I believe NITI Ayog has taken a learned decision to shut a few offices. I agree that we need some form of representation abroad for India but the current offices are not up to the mark. We are staffing these officials who are probably not the best resources. If we really want to move forward in showcasing Incredible India, we need professionals to run the offices along with the Ministry and get the best people to man these offices. What the NITI Ayog has in mind for these offices is a closely guarded secret. However, the position has been made clear that the government is eager to scale up the numbers for inbound tourism and create platforms to promote Incredible India. Logic defies me as to why a foreign office is being opened in Russia. It could be linked to a G2G position. Also, a strong economy of the nation allows its citizens higher disposable incomes and hence the propensity to travel. The USA economy is solid currently which is also an important market but with the same logic, Russian economy is not the strongest and people do not have large sums of money to spend on long haul holidays. I would put the money in training the guns for the top source markets like the Americas, the UK, France, etc. that generate maximum inbound tourists rather than venture onto newer markets such as Russia.
Sandeep Jain, Hon. Joint Secretary, IATO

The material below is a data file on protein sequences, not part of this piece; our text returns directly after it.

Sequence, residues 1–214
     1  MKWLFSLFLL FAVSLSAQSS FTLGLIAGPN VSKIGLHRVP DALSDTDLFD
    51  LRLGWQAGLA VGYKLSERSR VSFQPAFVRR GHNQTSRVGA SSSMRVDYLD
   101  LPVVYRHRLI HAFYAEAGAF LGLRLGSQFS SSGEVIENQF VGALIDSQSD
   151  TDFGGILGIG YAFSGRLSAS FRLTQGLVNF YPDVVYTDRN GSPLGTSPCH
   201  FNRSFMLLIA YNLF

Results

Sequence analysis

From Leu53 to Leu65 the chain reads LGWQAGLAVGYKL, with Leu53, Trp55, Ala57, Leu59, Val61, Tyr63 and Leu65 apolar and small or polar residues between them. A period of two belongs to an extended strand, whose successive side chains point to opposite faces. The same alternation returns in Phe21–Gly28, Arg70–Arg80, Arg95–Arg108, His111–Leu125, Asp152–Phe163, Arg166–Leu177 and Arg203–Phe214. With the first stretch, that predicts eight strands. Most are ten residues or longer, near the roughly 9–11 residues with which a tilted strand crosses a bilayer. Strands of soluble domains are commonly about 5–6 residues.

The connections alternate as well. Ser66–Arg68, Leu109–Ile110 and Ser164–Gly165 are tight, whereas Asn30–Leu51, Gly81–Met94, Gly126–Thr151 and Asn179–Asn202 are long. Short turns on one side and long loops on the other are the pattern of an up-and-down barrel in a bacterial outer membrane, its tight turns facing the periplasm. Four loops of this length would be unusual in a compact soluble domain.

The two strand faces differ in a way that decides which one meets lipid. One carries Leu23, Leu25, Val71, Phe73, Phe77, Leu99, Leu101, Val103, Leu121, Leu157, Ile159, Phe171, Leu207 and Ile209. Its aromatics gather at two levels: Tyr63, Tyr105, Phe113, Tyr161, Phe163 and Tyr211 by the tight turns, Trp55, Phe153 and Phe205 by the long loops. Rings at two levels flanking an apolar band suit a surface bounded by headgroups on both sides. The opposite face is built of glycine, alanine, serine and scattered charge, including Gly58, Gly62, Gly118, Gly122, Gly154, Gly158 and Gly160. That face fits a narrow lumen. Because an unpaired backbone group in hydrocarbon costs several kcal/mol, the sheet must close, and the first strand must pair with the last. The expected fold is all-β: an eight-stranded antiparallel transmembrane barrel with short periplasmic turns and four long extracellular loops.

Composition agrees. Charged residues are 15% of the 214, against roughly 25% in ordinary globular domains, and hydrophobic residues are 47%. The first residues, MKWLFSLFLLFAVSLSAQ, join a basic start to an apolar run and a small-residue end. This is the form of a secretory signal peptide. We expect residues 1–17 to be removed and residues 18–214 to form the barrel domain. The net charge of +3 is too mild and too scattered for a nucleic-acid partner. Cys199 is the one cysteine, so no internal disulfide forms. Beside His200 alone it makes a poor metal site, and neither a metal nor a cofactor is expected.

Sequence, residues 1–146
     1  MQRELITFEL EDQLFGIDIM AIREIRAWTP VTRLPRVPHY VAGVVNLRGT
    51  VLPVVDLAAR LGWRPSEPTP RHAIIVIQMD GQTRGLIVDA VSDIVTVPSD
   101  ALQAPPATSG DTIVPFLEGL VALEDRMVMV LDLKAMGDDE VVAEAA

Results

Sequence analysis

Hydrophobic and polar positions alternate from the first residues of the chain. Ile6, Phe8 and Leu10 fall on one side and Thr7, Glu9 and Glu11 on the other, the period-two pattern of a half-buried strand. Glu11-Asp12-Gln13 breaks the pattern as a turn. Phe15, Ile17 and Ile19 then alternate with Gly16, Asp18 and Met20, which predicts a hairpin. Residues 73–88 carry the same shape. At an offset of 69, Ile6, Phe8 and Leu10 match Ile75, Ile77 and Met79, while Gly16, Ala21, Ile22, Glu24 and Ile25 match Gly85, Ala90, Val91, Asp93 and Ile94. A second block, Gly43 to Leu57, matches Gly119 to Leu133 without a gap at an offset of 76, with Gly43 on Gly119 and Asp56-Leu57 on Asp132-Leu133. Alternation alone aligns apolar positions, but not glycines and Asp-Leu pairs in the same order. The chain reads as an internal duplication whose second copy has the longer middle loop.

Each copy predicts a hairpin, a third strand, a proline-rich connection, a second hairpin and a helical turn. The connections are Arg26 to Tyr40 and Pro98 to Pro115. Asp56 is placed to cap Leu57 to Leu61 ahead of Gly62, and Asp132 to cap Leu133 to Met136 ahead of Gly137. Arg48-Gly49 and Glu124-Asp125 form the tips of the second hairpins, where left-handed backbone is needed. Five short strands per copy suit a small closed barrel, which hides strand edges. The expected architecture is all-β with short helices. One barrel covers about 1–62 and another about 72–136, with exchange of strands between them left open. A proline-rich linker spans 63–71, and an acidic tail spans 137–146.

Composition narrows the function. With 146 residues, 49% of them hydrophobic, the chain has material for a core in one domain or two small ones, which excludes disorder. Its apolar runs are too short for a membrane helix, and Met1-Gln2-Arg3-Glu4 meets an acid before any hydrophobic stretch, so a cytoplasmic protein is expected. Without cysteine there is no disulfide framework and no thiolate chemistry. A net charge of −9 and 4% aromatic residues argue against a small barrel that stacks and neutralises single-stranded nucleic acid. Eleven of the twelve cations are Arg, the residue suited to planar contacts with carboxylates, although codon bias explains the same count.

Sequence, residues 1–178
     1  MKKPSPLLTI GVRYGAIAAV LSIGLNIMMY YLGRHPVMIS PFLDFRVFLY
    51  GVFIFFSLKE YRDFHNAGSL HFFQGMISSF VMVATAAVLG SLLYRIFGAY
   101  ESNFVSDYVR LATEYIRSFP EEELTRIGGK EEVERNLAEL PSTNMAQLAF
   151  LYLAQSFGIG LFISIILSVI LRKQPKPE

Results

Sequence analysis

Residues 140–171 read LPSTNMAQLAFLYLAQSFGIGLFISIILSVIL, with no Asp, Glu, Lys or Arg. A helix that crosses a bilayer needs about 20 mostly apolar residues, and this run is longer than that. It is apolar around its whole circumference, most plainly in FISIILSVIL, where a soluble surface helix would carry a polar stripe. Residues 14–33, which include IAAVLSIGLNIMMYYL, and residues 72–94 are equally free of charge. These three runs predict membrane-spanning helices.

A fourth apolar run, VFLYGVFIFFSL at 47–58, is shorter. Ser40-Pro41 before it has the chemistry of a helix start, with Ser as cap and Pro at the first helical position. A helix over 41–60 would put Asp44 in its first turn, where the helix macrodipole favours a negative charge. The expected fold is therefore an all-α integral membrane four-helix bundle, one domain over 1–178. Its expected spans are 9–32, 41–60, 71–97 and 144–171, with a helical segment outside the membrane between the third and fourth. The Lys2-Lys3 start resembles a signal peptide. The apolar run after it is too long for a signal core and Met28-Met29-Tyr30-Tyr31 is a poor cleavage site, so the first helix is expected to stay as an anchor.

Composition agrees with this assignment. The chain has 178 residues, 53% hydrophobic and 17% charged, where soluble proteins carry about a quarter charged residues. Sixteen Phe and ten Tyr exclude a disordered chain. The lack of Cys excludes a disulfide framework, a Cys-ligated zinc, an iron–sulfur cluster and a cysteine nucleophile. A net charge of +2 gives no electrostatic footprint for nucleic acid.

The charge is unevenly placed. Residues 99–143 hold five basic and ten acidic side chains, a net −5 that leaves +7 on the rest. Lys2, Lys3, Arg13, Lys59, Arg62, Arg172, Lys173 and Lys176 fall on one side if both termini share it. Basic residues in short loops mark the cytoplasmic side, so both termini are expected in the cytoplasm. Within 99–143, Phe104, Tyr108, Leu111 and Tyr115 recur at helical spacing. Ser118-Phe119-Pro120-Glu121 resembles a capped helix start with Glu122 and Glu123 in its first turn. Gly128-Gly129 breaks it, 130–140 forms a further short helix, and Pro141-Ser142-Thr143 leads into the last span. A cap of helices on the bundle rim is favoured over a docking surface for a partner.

There has been a shift in the market from the traditional to the emerging. Given the present scenario where the foreign offices are being shut down, there is a need to spend the money on positive publicity for India. Though social media and digital marketing are important tools of today’s age, traditional media platforms like print, electronic and hoardings are equally important for promotion. Also, one-to-one roadshows hold value along with inviting the foreign tour operators to India and allow them to experience the destination themselves. There is also a need to tap new markets and potential tour who have a wide market reach to the Southeast Asia and the Middle East and convince them to include India in the itineraries. I believe that shifting the foreign offices within embassies is a good idea because the presence of embassies in most of the countries gives us a wider reach. Also, embassies are a point of contact for the local market and can help with the right data regarding the consumers and trade as well. However, professionals within the embassy have to handle the job while the embassies can monitor the activities well.